Browsing All Posts filed under »food webs«

To be continued: the legacy of the River Continuum Concept

December 14, 2021

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A recent review examined the historical importance of the River Continuum Concept (RCC), which was introduced by Robin Vannote and co-workers in 1980.  This concept revolutionised stream ecology research by prompting a shift from a descriptive to a predictive approach and encouraging multidisciplinary collaboration between biologists, geomorphologists and geochemists.  The RCC became a key framework […]

Lake management: are tipping points real?

December 14, 2021

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Freshwater biologists often seek to restore turbid shallow lakes dominated by phytoplankton to clear-water systems with a high abundance of submerged plants.  The usual plan of operation, which is often guided by lake ecosystem modelling, is to reduce external inputs of nutrients (e.g., from agricultural runoff or urban waste streams) to a threshold level at […]

How to capture the tiniest animals

December 14, 2021

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Although meiobenthic species are inconspicuous and the smallest animals living in aquatic sediments, they account for up to 80-90% of all animals in streams and lakes.  They play an important role in nutrient cycling, contribute up to half of all secondary production in freshwater food webs, and are good indicators of environmental pollution.  Meiofauna have […]

Wetlands are prime targets for herbivores

September 28, 2021

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Although studies of herbivory in freshwater ecosystems have focussed mainly on the grazing of algae, recent findings have shown that, by reducing macrophyte abundance, invertebrate herbivores can have a significant impact on the structure and function of freshwater communities.  In fact, on average they remove around 45% of the plant biomass in freshwater ecosystems, compared […]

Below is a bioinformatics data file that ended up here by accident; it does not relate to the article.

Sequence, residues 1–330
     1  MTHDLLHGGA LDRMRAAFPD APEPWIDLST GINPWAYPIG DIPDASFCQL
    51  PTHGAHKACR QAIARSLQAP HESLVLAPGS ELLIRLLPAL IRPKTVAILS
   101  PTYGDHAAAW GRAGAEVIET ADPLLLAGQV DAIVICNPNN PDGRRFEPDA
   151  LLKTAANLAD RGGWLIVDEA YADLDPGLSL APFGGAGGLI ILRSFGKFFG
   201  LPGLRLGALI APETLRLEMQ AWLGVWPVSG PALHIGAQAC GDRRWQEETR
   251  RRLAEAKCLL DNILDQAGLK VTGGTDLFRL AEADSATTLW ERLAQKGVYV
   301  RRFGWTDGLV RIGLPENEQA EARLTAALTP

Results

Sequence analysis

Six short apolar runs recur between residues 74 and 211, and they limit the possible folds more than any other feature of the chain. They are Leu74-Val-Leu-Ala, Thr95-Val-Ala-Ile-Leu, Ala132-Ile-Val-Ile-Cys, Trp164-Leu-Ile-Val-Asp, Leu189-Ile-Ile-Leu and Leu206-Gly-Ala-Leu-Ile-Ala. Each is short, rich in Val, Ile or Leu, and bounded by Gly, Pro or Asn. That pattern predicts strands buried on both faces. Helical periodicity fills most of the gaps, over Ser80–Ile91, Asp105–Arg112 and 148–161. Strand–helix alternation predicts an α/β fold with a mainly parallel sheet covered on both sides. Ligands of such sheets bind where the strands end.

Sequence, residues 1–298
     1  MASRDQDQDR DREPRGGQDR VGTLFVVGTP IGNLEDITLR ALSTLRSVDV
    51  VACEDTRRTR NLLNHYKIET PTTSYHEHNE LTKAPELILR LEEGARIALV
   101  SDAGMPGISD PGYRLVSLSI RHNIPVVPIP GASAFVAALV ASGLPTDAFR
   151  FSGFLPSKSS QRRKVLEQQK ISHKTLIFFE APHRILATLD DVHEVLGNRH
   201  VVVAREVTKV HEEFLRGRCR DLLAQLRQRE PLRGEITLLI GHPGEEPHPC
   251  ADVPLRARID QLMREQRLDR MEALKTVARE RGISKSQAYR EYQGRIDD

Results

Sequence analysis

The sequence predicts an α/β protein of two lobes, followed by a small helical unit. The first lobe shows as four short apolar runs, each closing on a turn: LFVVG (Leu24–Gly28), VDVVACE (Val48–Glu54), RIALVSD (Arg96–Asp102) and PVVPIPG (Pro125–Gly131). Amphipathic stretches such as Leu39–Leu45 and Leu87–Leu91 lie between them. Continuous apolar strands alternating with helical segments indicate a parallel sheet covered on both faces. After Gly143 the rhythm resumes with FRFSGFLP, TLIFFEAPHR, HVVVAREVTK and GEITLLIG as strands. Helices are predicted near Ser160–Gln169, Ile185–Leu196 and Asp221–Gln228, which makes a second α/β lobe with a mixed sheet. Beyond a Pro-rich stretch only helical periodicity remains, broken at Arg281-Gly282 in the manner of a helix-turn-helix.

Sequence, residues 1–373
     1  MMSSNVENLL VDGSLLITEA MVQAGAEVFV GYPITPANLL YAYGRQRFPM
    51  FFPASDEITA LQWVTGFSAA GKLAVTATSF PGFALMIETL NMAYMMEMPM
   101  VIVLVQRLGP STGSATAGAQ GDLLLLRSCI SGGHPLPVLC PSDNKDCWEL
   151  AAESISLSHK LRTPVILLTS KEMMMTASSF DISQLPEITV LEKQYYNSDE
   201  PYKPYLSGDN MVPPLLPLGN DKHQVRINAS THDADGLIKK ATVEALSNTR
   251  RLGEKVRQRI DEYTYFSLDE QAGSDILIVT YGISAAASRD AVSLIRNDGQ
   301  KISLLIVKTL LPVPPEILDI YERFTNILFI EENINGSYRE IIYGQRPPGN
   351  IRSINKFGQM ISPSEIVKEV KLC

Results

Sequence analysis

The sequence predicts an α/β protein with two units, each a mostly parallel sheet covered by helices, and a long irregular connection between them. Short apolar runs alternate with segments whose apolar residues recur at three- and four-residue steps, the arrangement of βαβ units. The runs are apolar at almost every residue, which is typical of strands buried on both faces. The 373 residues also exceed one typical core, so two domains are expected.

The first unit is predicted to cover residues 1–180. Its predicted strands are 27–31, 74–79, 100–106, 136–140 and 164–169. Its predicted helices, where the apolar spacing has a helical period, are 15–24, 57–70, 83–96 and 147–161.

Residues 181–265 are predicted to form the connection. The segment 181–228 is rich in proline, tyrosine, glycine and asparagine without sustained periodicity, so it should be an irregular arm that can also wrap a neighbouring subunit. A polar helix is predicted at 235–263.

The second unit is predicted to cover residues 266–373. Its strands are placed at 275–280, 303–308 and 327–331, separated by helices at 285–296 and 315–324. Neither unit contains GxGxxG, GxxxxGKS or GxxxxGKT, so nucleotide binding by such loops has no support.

Water abstraction changes local food chains

March 13, 2021

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The alteration of river flows by damming or extracting water is a major threat to freshwater ecosystems that can lead to habitat changes and local species extinctions.  While the impacts of dams and large-scale diversions have been the subject of many studies, the cumulative effects of small water abstractions aren’t so well understood, even though […]

Channel restoration takes time

December 16, 2020

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Channel reconfiguration is a common stream restoration technique that aims to create a stable basis for ecological functioning, but it’s expensive and its effectiveness has often been questioned.  However, channel reconfiguration assessments are typically based on the results of monitoring for up to 5-7 years post-restoration, which may be too short a period to capture […]

Ecosystem impacts of invasive carp

December 16, 2020

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The common carp (Cyprinus carpio) is one of the world’s most widespread invasive fish species and has a reputation for causing ecological damage.  It’s thought that the excretion of nutrients by dense populations of carp stimulates algal growth, which increases turbidity, and that the feeding and spawning activities of carp further increase turbidity by bringing […]

Functional feeding groups: beware of misleading assumptions

September 26, 2020

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Food webs are central to the functioning of aquatic ecosystems, and are commonly reconstructed by assigning each taxon (usually a species, genus or family) to a particular functional feeding group by reference to published information.  In the case of freshwater macroinvertebrates, the main feeding groups are: shredders, which chew on coarse organic particles; collector–filterers, which […]

A clever way to rebalance a lake

September 26, 2020

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Lakes are often subject to high-nutrient  inflows from agricultural runoff, industry and wastewater treatment, and these inputs lead to algal blooms, reduced biodiversity and a shift from clear to turbid water.  Such lakes can be remediated by reducing nutrient loads or by biomanipulation, where fish are selectively removed to lower predation pressure on zooplankton, which […]

Freshwater food webs: don’t forget parasites

September 26, 2020

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Although parasites are the dominant components in aquatic ecosystems, they are rarely considered in food web studies.  This can be a mistake, because parasites with free-living stages are taken as prey by predators, and when parasites swap hosts they carry nutrients from one host to the next.  It’s been found that adding parasites to reconstructed […]